Ethnographies of Language and Gender: Resources for Teaching Undergraduate Anthropology

November 4, 2015 1 Comment Diego Arispe-Bazán (SLA Web Assistant) Language and Gender, Teaching

See below for a list of recent ethnographies on language and gender, which will appeal to educators and students of anthropology, particularly at the undergraduate level, as well as to readers with a general interest in linguistic anthropology. These titles were suggested on the LINGANTH listserv by members of the Society for Linguistic Anthropology, and to make additional suggestions, please email: soclinganth@gmail.com or post your suggestions to LINGANTH. Ethnographies are listed in reverse chronological order of publication. [UPDATE 11/9/2015: See also suggested titles for recent ethnographies dealing with language socialization on the SLA blog] Click on the images to learn more about each title. Manning, P. (2015). Love

The Journal of Language & Sexuality

April 16, 2015 No Comments Diego Arispe-Bazán (SLA Web Assistant) Language and Gender, Uncategorized

On behalf of William Leap (American University), Co-editor, Journal of Language and Sexuality: The Journal of Language and Sexuality (www.benjamins.com/#catalog/journals/jls) is now in its fifth year of publication. JL&S explores the discursive formations of sexuality, including (but not limited to) sexual desire, sexual identities, sexual politics, and sexuality in diaspora. JL&S addresses linguistic work in the widest possible sense, e.g. sociolinguistics, anthropological linguistics, phonology, pragmatics, semantics, discourse analysis, applied linguistics, and any other mode of language-centered inquiry interrogating discourses of sexuality and their linguistic and social consequences. On a theoretical level, JL&S is indebted to Queer Linguistics as its major influence. Issue 4.1 of JL&S will soon be in print. We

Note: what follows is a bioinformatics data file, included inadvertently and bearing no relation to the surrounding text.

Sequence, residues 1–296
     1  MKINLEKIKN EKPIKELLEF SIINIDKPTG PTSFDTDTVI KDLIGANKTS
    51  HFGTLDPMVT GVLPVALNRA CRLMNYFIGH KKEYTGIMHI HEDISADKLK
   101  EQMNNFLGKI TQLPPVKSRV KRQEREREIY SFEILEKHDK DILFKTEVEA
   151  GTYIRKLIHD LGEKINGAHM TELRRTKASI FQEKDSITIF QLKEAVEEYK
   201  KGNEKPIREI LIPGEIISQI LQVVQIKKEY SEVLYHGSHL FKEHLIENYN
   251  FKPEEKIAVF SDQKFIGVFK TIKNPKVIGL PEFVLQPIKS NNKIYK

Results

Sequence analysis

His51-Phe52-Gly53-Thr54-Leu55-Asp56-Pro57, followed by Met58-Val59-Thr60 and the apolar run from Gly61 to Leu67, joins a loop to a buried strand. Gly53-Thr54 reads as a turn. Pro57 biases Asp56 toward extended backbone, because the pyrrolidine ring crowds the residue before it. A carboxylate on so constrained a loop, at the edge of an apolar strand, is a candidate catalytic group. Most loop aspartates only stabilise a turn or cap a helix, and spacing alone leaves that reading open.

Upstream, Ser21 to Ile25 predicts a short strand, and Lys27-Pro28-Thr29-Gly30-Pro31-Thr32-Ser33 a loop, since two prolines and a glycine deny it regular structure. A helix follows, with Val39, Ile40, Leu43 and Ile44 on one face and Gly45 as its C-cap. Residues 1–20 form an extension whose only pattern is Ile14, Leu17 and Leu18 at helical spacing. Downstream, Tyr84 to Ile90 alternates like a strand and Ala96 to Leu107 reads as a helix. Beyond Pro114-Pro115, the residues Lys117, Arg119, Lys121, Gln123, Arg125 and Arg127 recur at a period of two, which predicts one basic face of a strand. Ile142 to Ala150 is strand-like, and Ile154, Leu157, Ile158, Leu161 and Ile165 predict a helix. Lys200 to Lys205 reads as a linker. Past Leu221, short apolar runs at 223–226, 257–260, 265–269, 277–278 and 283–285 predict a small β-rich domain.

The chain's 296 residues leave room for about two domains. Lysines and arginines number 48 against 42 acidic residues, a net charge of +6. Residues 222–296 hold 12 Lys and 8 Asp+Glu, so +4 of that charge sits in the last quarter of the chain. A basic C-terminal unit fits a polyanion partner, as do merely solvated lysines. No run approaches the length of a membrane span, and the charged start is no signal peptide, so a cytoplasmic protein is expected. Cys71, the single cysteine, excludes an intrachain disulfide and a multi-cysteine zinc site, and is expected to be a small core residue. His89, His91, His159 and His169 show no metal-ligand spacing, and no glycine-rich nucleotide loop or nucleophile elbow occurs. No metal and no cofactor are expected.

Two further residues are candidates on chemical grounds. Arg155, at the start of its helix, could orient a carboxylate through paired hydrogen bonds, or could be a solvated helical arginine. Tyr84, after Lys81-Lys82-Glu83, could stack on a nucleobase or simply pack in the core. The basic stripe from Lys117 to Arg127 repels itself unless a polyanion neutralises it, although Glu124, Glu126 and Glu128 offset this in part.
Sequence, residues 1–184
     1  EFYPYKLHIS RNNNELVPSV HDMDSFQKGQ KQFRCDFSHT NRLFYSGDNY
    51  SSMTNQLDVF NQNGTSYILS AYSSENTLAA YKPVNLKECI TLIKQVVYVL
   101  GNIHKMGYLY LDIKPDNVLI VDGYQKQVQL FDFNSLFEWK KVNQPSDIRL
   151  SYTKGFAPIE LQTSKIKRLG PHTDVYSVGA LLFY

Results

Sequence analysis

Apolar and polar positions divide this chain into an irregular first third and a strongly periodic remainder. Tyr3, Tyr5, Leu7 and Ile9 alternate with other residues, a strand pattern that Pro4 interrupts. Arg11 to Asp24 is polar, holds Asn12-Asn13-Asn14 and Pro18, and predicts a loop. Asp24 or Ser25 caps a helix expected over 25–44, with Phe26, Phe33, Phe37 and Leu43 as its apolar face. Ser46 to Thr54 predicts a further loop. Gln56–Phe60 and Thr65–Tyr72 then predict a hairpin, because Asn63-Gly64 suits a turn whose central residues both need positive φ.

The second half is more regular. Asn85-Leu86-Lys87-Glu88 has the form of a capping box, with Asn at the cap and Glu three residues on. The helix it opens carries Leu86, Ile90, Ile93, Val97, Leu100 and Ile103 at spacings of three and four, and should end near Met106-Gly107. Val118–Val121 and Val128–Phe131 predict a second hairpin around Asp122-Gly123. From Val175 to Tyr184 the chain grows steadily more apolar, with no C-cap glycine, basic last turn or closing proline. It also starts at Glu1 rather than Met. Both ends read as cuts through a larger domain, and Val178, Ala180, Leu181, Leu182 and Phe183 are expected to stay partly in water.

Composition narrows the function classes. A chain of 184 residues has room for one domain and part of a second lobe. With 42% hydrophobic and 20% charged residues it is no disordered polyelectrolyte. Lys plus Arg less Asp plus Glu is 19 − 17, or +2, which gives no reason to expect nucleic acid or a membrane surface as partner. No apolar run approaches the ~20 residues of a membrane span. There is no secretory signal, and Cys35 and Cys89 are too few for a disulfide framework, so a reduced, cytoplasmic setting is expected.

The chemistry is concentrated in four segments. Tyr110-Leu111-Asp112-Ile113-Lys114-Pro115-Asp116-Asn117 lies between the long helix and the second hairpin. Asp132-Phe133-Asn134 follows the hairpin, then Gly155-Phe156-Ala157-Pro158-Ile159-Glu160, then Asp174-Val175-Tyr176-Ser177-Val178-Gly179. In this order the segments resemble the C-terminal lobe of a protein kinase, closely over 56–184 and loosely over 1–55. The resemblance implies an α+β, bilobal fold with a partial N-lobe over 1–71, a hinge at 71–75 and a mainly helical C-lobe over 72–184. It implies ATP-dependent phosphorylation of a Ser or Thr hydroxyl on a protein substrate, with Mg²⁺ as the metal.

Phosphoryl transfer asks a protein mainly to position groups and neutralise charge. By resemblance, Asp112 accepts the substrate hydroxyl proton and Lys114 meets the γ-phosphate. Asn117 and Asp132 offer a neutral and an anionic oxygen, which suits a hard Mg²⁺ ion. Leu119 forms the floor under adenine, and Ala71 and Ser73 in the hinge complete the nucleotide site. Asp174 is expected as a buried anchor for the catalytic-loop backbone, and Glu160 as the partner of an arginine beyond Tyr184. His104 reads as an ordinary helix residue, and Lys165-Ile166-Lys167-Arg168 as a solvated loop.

Arana: Good sociolinguistic conclusion despite questionable examples

Gabriel Arana recently published a defense of creaky voice at The Atlantic. He notes that recent criticism of young women’s use of creaky voice, or “vocal fry”, is part of a long tradition of critiquing the speaking styles of less powerful groups of people. Arana’s conclusion that “normative judgments about linguistic prestige are relative, and merely reflect social attitudes” is absolutely correct and well-known to linguistic anthropologists and other scholars of language. The particular speech patterns he analyses to support his conclusion – up-talk, like, and creak – are somewhat questionable, however.

Language Links #1

This is the first of columns listing links in the news connected to language. These links do not necessarily reflect the opinion of the Society for Linguistic Anthropology but are connected to topics that members might be interested in. Reaction pieces and comments welcome. From the New York Times: “Phonetic Clues Hint Language Is Africa-Born” by Nicholas Wade. Fascinating article on where language originally originated. Quentin Atkinson, mathematician from Auckland, New Zealand, hypothesizes number of phonemes in click languages reflects closeness to the origins of language in Africa. “How Language Heals” by Abraham Verghese, book review of One Hundred Names

Your own private griot

September 13, 2010 3 Comments kerim In the news, Language and Gender, Language and Political Economy

P. Kerim Friedman, NDHU In her now classic 1989 paper on language and political economy, Judith Irvine talked about situations where language doesn’t merely index political and economic relations in the way that accent is linked to class in Shaw’s “Pygmalion,” but where speech acts are themselves a form of political and economic economic activity. Her example is that of the Wolof griot “whose traditional profession involves special rhetorical and conversational duties such as persuasive speechmaking on a patron’s behalf, making entertaining conversation, transmitting messagesto the public, and performing the various genres of praise-singing.” She discusses how while not anyone can